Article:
Some dog owners who feed dinner scraps to the dog find the pooch snubbing his dog food to make room for supper scraps. Fuzbo won't tell you when he's had enough to eat, especially when the food is covered in butter or gravy. Later on, when you can't feel his ribs, you'll know.

That's why they shouldn't have people food.
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  #28  
Old 03-06-2008, 04:10 PM
TimeWinder TimeWinder is offline
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Quote:
Originally Posted by Risha
Science Diet now makes a Nature's Best version, which still has some chemicals but is moving in the right direction.
Find me a dog food (or a human food for that matter) that doesn't contain chemicals, and I will be really impressed.
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  #29  
Old 03-06-2008, 04:25 PM
Gulo gulo Gulo gulo is offline
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I just stumbled upon a course on dog nutrition in the Seattle area. I think I'll take it one day to see what it's about: Canine Nutrition

Edit: I see it's for students only. Dang. I wonder if they'd make exceptions for those of us who don't wish to massage animals for a living.

Last edited by Gulo gulo; 03-06-2008 at 04:27 PM..
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  #30  
Old 03-06-2008, 05:32 PM
Pullet Pullet is offline
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Quote:
Originally Posted by Charlie Tan
Why shouldn't they have people food?
I'm seriously curious, since, as NajaNivea noted, they're oppurtunists, with a preference for meat.
I had my boxer on a diet of raw herring, raw chicken wings, cottage cheese with some oats mixed in.
Raw fish can contain enzymes that destroy thiamin, making your dog deficient in this important enzyme. Bad stuff. Dogs can also get salmonella from raw chicken just like people.

Also, as you yourself and others have pointed out, raw food diets take discipline and knowledge on the part of the owner. Major drawback.

We had a client once who decided to feed their dog on nothing but fruit. If they were just lazy instead of idiots, we could have pressed cruelty charges.

Last edited by Pullet; 03-06-2008 at 05:34 PM..
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  #31  
Old 03-06-2008, 05:58 PM
Brown Eyed Girl Brown Eyed Girl is offline
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Quote:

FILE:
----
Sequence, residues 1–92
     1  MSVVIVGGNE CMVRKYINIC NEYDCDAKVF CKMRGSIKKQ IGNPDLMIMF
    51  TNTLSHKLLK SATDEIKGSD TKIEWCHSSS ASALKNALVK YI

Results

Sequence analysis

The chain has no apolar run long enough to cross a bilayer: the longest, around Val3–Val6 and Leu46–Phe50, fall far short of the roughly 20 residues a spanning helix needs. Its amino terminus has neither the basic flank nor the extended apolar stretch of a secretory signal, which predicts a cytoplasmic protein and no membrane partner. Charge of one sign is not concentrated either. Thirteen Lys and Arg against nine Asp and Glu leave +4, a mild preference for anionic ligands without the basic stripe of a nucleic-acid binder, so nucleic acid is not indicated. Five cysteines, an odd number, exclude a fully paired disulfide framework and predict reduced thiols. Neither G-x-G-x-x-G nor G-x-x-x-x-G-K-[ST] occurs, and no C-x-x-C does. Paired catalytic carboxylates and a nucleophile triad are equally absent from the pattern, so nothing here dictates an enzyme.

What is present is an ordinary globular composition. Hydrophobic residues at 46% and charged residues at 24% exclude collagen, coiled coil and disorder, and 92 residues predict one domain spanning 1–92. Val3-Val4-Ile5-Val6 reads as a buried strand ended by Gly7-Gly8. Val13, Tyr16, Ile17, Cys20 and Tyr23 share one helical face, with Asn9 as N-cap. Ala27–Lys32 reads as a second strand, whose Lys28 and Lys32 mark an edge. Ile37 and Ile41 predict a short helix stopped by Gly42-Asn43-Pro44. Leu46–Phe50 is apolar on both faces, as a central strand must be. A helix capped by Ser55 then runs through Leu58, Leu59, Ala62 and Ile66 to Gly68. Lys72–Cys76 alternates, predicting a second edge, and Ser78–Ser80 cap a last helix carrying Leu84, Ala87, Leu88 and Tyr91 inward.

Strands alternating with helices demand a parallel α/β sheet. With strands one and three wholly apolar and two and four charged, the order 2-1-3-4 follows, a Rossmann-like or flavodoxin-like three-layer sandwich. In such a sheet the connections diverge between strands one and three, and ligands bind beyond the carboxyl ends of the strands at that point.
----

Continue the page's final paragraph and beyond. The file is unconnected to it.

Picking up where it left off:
Originally Posted by Omega Glory
Corn, Meat & Bone Meal, Chicken By-Product Meal, Corn Gluten Meal, Animal Fat (Preserved with BHA), Rice, Flaxseed, Oatmeal (Source of Soluble Oat Fiber), Poultry Digest, Beet Pulp, Salt, Dicalcium Phosphate, Calcium Carbonate, Iron Oxide, Vitamin E Supplement, Choline Chloride, Zinc Sulfate, ::yada, yada, yada::
Just gotta ask: what the hell is poultry digest? Please don't tell me it's the spew of bulimic chickens.
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  #32  
Old 03-06-2008, 06:21 PM
gonzomax gonzomax is offline
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Quote:
Originally Posted by KarlGrenze
They were different foods that share one single ingredient, but were different recipes. Probably some brands had more amount of it than others (wheat gluten, wasn't it?). IIRC, some of them were "prescription diets", meaning that they had to be sold under supervision of a veterinarian. Others were general run of the mill commercial diets sold in the supermarkets.

Like I said, all they had in common was that they charged one ingredient and were packaged in the same plant. They probably had different recipes and different amounts of the ingredients.
Maybe but I do not completely believe it. Repackaging the same crap to increase profits.
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  #33  
Old 03-06-2008, 07:32 PM
KarlGrenze KarlGrenze is online now
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In those commercial diets, I cannot tell. Some of the recalled products, though, were "prescription diets".